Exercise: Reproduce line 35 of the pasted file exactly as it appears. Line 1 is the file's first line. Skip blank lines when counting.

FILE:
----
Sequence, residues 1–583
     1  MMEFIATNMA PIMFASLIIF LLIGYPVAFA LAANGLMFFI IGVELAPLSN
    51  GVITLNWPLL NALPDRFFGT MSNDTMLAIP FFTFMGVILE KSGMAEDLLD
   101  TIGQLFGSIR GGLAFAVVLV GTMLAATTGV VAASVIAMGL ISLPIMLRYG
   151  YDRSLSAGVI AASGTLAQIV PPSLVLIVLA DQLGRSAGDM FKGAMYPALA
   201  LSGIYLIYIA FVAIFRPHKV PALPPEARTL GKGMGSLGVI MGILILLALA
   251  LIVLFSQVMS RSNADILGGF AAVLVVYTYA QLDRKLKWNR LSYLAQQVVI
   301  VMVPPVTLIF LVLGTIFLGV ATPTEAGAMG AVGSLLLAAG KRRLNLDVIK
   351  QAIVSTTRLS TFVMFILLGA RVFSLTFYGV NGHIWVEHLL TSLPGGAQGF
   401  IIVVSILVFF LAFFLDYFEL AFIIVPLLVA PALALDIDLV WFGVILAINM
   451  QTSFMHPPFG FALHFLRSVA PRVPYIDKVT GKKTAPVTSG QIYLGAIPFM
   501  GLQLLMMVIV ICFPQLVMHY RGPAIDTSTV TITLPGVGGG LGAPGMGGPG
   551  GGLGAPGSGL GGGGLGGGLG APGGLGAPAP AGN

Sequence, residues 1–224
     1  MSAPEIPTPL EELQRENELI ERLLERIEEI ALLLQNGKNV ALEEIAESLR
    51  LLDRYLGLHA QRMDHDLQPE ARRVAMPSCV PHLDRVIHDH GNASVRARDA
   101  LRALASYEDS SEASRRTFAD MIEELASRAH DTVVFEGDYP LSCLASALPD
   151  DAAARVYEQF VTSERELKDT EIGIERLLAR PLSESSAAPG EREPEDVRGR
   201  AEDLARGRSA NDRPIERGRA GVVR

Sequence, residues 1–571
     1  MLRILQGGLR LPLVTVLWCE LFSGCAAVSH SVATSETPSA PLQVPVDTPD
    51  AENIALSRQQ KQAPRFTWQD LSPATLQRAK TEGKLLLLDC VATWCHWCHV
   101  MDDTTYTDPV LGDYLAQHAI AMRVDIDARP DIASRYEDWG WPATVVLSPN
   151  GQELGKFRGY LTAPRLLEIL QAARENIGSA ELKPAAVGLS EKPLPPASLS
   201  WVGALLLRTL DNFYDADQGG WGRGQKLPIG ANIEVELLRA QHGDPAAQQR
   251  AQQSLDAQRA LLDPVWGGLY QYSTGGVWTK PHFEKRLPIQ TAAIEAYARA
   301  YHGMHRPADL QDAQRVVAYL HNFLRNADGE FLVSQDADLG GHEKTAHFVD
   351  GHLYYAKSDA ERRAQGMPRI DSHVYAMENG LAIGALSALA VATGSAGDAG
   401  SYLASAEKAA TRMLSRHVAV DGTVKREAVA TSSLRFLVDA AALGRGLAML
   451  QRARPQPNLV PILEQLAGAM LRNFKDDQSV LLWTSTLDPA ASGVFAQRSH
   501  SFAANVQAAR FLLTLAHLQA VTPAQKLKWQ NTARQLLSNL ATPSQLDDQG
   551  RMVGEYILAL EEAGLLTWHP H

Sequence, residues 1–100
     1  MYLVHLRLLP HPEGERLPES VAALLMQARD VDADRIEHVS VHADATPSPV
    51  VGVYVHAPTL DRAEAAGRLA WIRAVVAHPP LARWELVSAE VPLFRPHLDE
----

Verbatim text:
    51  VGVYVHAPTL DRAEAAGRLA WIRAVVAHPP LARWELVSAE VPLFRPHLDE